Ben Affleck is not guilty about being a celebrity
The world, as we all know, is full of unbelievable poverty, famine and suffering. Busy with our own lives, numbed by millions of hours of footage of dead bodies, mutilated limbs and distended stomachs, we tend to ignore it all--until a celebrity (Bono, George Clooney, Madonna, Angelina Jolie, fill in the blank) comes along to briefly turn a spotlight on the carnage.
We stop, stare, remind ourselves to make a donation to Human Rights Watch and then go about our business. Of course, before we know it, we turn on Fox News or open up the Wall Street Journal editorial page, where some ardent commentator can be found playing the blame game--not blasting all of the governments who've refused to act and have ignored the suffering, but ridiculing the celebrity who took the time to speak out about it.
Ben Affleck is no stranger to this mean little game--he's been bashed all too many times for speaking out on a number of issues. Perhaps that's why I was more than a little surprised to see an e-mail from him today, asking me (and presumably about 800 other people in his Blackberry) to spread the news that "Nightline" is airing a segment tonight (at 11:35 p.m. on ABC) that he put together after making a series of trips to the strife-torn Democratic Republic of Congo. I guess he still hasn't learned to stop sticking his neck out.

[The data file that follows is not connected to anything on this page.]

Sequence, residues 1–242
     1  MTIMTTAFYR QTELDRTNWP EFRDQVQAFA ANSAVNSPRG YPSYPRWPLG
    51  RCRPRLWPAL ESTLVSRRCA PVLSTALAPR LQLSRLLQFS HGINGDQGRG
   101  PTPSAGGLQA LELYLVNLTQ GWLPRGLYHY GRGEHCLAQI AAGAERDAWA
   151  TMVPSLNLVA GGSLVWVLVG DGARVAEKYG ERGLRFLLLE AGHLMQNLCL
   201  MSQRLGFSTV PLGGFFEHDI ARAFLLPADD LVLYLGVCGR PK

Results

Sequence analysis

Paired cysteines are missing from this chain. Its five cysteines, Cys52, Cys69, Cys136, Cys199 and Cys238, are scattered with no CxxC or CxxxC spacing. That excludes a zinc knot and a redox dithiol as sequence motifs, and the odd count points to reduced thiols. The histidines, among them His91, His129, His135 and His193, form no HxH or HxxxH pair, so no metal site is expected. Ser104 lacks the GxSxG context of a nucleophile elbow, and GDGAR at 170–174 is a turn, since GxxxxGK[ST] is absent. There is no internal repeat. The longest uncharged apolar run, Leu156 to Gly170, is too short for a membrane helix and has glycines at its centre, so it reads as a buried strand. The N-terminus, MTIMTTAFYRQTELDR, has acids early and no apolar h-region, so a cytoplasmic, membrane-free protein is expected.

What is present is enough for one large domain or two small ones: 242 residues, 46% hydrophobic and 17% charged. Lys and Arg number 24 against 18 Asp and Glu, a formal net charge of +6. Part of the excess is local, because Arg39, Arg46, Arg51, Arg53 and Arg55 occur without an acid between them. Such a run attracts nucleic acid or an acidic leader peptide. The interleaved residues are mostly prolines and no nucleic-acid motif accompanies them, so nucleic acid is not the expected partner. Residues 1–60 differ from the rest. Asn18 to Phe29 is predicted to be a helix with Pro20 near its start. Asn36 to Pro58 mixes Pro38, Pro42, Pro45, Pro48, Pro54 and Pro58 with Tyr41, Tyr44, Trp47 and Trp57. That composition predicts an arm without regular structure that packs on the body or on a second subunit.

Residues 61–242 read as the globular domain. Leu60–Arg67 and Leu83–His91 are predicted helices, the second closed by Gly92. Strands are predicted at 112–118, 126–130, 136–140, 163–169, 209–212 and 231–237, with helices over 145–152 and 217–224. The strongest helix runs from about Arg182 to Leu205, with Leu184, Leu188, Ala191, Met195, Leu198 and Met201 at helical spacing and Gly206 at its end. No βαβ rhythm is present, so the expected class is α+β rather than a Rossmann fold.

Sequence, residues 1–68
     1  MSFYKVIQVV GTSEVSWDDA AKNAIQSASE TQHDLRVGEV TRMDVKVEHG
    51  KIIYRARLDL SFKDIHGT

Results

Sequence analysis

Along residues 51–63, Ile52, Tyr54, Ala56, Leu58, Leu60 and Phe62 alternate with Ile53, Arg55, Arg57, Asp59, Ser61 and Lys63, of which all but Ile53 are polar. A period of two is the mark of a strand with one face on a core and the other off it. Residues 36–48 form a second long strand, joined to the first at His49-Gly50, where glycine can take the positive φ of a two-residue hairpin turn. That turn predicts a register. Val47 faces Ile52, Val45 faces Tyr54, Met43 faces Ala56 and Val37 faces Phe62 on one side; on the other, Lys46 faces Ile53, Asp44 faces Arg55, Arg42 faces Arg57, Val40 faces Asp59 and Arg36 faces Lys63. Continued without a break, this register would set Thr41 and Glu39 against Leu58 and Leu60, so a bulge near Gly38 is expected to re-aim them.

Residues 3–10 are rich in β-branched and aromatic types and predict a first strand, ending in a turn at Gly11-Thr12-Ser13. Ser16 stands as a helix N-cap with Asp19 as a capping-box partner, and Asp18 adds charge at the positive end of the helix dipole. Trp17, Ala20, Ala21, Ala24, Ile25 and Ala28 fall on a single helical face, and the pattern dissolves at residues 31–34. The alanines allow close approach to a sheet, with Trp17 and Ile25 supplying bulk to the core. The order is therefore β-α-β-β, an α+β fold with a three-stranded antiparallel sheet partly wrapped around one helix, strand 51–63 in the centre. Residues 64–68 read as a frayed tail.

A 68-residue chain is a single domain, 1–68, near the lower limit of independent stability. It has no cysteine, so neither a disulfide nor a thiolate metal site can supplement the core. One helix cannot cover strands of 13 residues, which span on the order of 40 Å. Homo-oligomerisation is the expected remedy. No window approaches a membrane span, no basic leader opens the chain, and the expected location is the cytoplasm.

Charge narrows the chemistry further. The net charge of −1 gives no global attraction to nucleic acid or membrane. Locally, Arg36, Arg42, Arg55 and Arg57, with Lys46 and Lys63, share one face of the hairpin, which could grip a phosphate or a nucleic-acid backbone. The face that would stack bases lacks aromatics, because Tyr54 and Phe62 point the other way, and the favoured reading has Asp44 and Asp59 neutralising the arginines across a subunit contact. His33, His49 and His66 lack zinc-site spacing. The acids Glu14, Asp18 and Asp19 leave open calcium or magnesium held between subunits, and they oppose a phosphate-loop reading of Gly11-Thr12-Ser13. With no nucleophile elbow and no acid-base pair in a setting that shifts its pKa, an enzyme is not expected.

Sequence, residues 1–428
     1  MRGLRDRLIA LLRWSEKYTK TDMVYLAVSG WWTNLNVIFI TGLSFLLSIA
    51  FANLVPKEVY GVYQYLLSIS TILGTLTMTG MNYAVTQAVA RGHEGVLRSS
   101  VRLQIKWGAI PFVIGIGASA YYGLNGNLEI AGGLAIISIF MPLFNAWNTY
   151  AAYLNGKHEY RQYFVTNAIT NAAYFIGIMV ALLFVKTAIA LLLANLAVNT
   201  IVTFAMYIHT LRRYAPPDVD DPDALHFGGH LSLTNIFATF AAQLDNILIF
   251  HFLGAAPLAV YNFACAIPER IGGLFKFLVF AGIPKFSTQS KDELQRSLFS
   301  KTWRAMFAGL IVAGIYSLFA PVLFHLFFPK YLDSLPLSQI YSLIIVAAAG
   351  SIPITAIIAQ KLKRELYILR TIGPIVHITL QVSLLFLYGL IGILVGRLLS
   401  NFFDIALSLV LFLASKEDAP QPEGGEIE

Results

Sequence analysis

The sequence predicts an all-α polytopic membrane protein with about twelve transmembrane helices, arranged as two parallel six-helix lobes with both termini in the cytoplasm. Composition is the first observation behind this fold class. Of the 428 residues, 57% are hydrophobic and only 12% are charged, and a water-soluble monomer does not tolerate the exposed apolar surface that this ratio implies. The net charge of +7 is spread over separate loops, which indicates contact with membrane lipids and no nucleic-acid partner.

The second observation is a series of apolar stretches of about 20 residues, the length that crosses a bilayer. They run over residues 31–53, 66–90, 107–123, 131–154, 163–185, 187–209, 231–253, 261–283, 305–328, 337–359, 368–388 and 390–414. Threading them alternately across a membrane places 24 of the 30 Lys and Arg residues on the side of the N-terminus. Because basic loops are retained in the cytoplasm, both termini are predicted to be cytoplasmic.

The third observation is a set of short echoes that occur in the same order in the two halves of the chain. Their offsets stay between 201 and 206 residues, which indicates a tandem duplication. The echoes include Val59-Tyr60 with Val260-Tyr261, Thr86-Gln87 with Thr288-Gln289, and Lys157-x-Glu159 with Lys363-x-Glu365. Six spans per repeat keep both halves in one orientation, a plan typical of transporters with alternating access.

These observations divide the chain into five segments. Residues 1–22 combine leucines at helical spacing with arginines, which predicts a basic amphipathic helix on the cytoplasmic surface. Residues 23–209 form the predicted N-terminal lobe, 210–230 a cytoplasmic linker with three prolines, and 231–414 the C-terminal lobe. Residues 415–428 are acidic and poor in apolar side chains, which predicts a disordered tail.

As Affleck wrote: "I feel a little foolish emailing everyone I know and asking them to watch a show I worked on, but the point of this effort, in part, is to raise awareness about a part of the world that has endured a great deal, often in relative obscurity. Basically, I think this is important enough to look a little foolish over.... I think the 'Nightline' segment is worth checking out on the merits of the stories of the Congolese people I got to know, the incredible country they live in and how they are fighting to overcome terrible adversity."
If you want to take a little time out of your life to read more about what Affleck learned on his visits, go here--or here--to see a gallery of photos from the Congo. Four million people have died in that country during the past decade and I'm ashamed to say I don't know the name of a single one of them. I'm eager to watch tonight and see what Affleck has to say.